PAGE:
Sometimes the GUI is awesome. Sometimes you just need more control over your conf files that the GUI offers. I wanted to have more specific firewall rules for my computers and servers running Mac OS X Client, more than the default OS X 10.3 built-in firewall configuration that is provided.
First, let’s look at all the files involved with Apple’s default firewall.
- System Preferences: Sharing: Firewall tab.If you want the security of a basic firewall, you can simply “start” the firewall. Using this option, Mac OS X will look at what services you have enabled (ex. Personal File Sharing, FTP, Remote Login, etc) and automatically allow allow traffic to the default ports those services need, while blocking everything else. At home on my iBook, I use the Mac OS X GUI to control my firewall rules because I do not need anything special.
- /Library/Preferences/com.apple.sharing.firewall.plist. This is a basic plist file written in XML. There is not too much to do in this file, and there is not much editting capability to it either.
So, now you know the players in the default firewall configuration, but you want to take advantage of ipfw. Personally, I did not want to use another GUI such as BrickHouse because I have turned the corner and want to learn more about UNIX than about GUIs. Working with UNIX, you always have the command line, but not always have GUI.
First thing is first, browse through the ipfw man pages. (
man ipfw). The man pages will help you as you are adding/deleteing/customizing your firewall rules.
- Stop the default Mac OS X firewall in the System Preferences. You no longer will use the GUI. You will now use some basic ipfw commands for adding/deleting rules.
- Create a directory for your StartupItems: /Library/StartupItems/ipfw. You need to create a directory in /Library/StartupItems for your startup script and StartupPerameters.plist file. (
sudo mkdir /Library/StartupItems/ipfw) **More about StartupItmes.
- Create a StartupParameters.plist file for ipfw. To create the
sudo pico /Library/StartupItems/ipfw/StartupParameters.plist.The file should contain: StartupPerameters.plist Make sure this file has the proper permissions:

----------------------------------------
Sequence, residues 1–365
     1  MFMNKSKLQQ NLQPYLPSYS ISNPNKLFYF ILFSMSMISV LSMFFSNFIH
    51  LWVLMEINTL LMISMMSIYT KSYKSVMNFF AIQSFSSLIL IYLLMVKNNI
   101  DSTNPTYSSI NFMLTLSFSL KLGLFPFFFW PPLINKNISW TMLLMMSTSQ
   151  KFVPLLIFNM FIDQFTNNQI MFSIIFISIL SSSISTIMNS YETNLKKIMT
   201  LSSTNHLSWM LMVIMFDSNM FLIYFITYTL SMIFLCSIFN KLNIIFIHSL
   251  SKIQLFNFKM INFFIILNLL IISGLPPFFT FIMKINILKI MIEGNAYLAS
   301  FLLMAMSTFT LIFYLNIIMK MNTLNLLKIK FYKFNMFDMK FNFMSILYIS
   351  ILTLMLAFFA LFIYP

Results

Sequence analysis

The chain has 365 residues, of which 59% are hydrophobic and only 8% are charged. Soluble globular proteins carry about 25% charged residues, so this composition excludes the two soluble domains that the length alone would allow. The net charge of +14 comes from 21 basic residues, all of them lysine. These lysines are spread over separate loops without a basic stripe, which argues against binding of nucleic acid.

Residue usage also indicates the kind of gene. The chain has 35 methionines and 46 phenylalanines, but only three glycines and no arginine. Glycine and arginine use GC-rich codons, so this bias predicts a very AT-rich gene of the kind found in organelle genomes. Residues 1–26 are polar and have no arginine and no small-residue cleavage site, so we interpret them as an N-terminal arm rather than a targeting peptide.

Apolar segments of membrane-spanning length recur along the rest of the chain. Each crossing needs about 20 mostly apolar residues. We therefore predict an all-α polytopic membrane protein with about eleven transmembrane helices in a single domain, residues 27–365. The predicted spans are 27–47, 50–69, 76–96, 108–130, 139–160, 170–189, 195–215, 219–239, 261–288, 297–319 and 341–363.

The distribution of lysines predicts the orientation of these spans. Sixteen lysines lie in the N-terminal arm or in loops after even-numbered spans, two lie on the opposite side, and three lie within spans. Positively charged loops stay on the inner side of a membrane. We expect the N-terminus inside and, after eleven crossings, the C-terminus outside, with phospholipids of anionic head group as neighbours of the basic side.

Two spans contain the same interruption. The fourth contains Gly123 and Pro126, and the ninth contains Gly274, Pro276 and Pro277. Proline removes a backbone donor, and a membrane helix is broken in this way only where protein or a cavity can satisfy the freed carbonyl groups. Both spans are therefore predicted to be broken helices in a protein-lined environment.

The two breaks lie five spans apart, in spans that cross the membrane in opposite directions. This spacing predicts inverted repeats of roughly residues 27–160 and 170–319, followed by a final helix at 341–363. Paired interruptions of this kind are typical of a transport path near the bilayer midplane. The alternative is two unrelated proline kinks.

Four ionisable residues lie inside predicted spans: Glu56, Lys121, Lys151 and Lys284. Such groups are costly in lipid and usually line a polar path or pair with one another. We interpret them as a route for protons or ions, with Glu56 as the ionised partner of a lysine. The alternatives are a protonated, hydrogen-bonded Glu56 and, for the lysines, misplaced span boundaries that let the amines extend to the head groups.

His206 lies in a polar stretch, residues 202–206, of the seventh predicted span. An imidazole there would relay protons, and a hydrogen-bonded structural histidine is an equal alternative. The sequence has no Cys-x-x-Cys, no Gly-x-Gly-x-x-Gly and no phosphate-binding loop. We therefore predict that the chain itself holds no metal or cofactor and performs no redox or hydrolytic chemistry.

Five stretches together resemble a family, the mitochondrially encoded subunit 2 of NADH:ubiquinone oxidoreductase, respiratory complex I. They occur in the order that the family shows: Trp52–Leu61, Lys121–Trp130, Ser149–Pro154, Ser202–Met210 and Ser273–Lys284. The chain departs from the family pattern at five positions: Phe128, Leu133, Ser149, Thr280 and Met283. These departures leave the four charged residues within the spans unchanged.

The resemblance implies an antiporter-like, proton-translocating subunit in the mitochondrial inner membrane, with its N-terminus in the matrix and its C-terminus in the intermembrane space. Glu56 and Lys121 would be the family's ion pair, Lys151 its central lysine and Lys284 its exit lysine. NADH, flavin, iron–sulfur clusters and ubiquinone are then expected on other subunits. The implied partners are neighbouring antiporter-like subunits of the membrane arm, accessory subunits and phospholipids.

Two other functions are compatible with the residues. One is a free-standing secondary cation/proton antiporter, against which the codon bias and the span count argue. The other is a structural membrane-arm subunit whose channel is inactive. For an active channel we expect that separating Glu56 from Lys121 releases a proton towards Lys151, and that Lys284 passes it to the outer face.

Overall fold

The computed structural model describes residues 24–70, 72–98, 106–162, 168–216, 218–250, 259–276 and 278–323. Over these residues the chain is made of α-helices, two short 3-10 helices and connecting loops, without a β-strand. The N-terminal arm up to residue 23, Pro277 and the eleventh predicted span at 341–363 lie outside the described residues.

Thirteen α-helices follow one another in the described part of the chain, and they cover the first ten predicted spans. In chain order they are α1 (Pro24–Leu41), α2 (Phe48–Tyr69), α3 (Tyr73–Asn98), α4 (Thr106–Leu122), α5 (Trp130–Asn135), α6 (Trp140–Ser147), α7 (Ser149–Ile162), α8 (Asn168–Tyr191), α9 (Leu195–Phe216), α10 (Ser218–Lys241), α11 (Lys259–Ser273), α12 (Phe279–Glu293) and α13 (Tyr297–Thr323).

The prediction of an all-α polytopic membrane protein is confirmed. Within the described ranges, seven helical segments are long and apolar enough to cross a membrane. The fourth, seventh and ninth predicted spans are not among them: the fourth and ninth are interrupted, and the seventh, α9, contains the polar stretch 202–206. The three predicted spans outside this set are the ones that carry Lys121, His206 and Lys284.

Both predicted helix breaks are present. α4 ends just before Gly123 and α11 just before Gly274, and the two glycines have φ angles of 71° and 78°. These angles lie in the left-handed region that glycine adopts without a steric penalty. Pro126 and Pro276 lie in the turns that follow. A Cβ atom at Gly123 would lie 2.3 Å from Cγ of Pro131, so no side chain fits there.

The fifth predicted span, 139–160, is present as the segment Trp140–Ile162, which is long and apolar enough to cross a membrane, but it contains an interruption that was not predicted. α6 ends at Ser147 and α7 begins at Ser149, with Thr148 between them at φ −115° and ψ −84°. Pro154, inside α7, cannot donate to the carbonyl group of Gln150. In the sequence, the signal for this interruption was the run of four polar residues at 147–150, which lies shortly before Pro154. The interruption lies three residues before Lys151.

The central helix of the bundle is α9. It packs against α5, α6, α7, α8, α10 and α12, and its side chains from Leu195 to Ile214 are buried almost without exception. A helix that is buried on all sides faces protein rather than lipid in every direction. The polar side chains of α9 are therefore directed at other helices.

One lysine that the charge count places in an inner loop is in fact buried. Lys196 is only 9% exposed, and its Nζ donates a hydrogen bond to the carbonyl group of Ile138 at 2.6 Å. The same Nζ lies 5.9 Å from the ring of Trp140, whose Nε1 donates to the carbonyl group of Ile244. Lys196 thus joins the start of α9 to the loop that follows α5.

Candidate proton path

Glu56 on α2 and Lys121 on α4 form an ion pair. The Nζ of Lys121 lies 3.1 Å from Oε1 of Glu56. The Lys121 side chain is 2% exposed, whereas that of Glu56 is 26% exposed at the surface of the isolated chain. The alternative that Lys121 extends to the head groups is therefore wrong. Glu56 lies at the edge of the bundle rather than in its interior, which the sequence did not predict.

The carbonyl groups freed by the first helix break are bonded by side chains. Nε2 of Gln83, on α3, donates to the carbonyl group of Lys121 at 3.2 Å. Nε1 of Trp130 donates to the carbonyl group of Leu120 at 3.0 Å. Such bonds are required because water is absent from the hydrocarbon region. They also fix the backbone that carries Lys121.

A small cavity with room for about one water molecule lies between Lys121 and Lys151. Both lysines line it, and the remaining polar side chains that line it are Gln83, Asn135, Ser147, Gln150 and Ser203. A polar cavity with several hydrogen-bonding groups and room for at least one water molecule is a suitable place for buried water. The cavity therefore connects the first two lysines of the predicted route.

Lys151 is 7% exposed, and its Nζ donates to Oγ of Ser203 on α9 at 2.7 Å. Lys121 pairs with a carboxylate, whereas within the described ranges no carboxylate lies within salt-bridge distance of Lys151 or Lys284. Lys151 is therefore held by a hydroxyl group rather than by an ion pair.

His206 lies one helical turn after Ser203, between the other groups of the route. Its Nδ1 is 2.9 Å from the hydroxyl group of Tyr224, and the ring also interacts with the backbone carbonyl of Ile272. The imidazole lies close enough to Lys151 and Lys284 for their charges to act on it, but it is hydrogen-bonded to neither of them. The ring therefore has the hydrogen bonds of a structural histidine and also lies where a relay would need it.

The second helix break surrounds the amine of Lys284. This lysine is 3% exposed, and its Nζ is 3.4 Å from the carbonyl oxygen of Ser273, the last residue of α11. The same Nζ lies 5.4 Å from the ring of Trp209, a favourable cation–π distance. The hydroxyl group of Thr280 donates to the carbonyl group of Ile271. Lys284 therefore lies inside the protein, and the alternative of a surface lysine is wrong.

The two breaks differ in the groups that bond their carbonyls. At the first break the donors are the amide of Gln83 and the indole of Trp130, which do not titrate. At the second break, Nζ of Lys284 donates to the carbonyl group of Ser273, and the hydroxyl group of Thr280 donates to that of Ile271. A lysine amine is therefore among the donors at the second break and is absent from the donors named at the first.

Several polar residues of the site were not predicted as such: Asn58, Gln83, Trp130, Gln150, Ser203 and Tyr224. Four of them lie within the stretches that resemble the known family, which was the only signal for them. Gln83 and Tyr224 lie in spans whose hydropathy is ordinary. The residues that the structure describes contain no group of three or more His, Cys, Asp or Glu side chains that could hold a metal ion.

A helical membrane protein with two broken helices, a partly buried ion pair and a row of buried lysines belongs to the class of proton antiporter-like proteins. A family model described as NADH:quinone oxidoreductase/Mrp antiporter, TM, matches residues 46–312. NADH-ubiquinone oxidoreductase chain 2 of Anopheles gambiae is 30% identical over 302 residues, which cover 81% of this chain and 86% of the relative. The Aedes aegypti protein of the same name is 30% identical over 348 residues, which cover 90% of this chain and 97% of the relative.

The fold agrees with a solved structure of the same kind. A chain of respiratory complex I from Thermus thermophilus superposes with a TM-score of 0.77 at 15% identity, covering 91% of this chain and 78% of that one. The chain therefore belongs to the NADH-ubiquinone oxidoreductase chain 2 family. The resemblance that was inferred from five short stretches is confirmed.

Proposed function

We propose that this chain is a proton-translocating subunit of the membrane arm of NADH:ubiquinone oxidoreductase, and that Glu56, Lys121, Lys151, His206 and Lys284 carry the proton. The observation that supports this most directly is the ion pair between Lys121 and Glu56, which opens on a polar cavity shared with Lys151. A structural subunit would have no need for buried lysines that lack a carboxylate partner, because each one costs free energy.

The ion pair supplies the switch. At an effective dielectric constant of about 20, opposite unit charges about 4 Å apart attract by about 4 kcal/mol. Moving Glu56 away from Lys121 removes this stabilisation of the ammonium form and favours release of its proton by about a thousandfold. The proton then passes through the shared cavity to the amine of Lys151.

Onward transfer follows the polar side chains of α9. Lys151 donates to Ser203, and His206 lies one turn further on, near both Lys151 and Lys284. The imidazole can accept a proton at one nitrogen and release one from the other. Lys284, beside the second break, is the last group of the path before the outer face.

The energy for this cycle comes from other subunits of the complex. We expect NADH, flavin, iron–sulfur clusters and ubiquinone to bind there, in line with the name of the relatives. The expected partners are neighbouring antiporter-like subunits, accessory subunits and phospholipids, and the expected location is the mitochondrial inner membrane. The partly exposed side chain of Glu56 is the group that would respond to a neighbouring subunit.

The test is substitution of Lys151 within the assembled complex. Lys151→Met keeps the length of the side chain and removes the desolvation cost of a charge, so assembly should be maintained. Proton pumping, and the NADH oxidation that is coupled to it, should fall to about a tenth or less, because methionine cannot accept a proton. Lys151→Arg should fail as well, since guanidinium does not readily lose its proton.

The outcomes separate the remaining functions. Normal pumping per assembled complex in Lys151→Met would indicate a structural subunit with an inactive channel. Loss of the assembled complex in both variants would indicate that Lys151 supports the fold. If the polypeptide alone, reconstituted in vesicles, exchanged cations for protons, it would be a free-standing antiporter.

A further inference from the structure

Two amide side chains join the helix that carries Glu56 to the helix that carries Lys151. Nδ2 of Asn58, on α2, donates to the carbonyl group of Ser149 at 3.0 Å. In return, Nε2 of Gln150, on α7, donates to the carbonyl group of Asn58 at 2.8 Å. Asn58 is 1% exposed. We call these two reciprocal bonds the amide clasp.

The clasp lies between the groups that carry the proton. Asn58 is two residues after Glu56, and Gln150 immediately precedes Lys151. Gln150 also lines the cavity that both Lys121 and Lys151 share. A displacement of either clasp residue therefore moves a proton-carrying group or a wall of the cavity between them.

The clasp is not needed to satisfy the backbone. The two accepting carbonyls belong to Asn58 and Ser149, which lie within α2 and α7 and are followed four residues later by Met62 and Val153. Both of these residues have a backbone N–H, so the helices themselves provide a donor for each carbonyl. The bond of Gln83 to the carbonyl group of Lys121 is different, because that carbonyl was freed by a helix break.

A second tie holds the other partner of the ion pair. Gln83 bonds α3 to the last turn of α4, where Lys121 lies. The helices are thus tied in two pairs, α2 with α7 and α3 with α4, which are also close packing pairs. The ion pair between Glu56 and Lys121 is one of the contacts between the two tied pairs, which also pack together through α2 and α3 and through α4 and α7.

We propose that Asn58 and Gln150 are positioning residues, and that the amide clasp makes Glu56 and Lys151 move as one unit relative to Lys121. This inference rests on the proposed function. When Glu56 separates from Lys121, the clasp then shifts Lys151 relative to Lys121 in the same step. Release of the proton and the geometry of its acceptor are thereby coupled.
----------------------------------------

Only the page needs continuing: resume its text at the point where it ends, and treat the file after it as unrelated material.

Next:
chmod 644 /Library/StartupItems/ipfw/StartupParameters.plist.**More about StartupParameters.
- The ipfw startup script
To create the Startup script:
sudo pico /Library/StartupItems/ipfw/ipfw. The script is: ipfw You need to create a script to start your service at startup. Make sure this file has the proper permissions:
sudo chmod 755 /Library/StartupItems/ipfw/ipfw.And of course, from reading the man pages, you realize that the order matters.
- Create the ipfw.conf file for all your ipfw rules.
*I like standards. I did some research on how BSD UNIXs set up and used ipfw in a default install. I then followed the example to create a
ipfw.conffile in the
sudo pico /etc/ipfw.conf)
- Re-read the man pages. You do not lock yourself out of your computer when adding rules.
- Add rules to ipfw.conf. You can finally specifiy custom rules for your firewall. (Official Port List) Here is my basic configuration (
sudo pico /etc/ipfw.conf): ipfw.conf
These rules are based on my needs. You can add more rules by either using the
sudo ipfw add/delete(see man pages for proper syntax) or by editing your
ipfw.confdirectly. There are a lot of options that I do not even begin to cover, so if you really need an “industrial strength” firewall for your computer…and do not want to use hardware, really examine the man pages and other on-line resources.
- Reboot your computer. When you reboot your computer, your rules should be in place. To see if your rules are in place, at your prompt:
sudo ipfw listand hopefully the list of rules you defined show up! If not: look at your system.log, it is very useful, go back to the man pages, or email me.
Sites that helped/frustated me: